Cigna received clearance Friday from the Centers for Medicare and Medicaid Services to start marketing and selling its Medicare Advantage plans again. The federal agency sanctioned Cigna in January 2016 after discovering Cigna inappropriately denied care and prescription drugs to its Medicare Advantage customers.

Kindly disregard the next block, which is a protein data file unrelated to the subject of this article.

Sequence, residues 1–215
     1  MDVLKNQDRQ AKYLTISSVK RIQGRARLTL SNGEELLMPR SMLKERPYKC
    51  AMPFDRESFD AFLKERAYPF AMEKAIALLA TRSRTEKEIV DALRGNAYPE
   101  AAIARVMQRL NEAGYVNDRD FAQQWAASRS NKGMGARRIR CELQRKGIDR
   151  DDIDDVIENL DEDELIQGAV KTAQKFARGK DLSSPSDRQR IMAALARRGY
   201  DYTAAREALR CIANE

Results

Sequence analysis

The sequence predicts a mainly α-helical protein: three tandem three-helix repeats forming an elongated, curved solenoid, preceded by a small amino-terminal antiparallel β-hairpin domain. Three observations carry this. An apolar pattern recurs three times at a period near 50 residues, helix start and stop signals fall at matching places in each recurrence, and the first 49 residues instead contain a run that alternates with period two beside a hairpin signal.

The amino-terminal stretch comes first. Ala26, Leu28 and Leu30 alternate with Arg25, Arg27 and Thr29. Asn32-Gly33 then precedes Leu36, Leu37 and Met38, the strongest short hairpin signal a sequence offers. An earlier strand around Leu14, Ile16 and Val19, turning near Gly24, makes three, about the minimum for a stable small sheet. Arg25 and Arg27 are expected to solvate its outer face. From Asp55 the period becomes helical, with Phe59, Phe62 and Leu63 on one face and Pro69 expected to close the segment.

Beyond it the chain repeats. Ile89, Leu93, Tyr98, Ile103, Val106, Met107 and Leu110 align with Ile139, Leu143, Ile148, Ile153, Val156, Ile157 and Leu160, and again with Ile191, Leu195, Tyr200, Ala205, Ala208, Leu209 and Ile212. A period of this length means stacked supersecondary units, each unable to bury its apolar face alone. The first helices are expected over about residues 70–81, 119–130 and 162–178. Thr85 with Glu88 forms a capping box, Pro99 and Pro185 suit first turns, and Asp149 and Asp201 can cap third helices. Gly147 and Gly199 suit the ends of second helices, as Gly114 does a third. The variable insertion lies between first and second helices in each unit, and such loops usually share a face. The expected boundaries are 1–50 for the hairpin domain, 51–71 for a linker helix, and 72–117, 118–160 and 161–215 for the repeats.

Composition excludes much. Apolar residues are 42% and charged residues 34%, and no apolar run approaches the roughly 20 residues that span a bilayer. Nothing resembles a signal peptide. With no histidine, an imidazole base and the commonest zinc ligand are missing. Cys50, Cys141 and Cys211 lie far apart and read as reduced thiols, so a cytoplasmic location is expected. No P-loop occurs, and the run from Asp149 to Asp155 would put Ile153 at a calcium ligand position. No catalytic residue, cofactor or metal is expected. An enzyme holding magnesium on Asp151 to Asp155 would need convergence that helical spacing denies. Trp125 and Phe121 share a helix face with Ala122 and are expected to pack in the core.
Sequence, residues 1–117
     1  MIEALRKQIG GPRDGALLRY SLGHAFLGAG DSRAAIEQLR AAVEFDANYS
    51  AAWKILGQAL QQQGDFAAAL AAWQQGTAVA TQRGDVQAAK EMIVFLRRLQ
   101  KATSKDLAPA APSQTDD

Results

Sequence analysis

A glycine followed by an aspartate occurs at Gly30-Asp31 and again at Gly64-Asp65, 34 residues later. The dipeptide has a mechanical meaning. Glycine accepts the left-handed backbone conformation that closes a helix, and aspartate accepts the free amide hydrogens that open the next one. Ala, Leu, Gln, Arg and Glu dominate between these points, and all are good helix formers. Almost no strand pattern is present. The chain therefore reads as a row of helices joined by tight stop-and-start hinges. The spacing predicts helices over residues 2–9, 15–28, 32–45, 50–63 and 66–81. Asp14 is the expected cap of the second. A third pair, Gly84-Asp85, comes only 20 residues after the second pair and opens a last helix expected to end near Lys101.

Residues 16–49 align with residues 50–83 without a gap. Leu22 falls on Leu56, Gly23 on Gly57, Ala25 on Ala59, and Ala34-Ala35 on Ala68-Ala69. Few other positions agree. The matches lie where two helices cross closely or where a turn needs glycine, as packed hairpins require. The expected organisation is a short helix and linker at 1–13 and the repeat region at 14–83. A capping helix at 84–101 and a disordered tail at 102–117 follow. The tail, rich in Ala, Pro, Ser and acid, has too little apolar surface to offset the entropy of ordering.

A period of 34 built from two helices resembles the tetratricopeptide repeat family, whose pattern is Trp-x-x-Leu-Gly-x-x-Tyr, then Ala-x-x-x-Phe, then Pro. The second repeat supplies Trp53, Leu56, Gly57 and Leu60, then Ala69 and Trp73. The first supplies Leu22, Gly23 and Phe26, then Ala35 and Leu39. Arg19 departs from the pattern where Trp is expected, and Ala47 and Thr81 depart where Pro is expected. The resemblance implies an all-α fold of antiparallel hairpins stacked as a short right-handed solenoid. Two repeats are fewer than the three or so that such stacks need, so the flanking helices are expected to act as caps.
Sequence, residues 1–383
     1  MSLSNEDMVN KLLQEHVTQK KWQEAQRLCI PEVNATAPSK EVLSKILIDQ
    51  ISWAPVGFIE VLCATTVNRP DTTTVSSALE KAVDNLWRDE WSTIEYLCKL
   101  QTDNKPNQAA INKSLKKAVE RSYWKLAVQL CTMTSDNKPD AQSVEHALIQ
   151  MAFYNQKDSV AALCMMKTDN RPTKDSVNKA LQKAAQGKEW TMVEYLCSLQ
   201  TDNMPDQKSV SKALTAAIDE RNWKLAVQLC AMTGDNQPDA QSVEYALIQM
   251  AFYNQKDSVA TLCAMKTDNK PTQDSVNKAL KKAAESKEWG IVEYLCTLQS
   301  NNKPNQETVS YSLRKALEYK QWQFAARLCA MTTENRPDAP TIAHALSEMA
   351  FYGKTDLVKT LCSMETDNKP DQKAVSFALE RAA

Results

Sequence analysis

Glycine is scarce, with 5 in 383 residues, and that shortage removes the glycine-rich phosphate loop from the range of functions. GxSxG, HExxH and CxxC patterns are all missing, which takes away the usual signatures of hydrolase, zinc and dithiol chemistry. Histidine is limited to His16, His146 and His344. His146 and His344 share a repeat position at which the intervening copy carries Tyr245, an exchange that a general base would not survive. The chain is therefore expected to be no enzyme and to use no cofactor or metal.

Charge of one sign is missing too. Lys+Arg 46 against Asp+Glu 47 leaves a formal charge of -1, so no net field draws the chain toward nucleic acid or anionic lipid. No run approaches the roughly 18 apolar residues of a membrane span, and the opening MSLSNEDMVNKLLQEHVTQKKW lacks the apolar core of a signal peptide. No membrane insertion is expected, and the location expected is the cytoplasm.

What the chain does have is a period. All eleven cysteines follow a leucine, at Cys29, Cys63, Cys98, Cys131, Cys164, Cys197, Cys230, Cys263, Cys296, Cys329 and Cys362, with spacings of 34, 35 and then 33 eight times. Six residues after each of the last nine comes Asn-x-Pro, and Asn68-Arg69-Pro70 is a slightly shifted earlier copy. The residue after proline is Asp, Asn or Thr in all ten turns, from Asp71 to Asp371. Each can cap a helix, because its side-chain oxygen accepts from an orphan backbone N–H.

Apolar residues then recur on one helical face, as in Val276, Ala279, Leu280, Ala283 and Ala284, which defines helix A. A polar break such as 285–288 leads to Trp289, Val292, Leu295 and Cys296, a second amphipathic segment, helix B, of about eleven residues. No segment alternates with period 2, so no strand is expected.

Why it matters: Medicare Advantage, the private, narrow-network version of Medicare that enrolls almost 20 million seniors and disabled people, is a goldmine for health insurers. It's also a safe investment since the program has bipartisan support and will grow as more baby boomers age. The sanctions cost Cigna more than $500 million, including 107,000 lost Medicare members, but now it can re-enter the program now that the feds deemed the problems were fixed.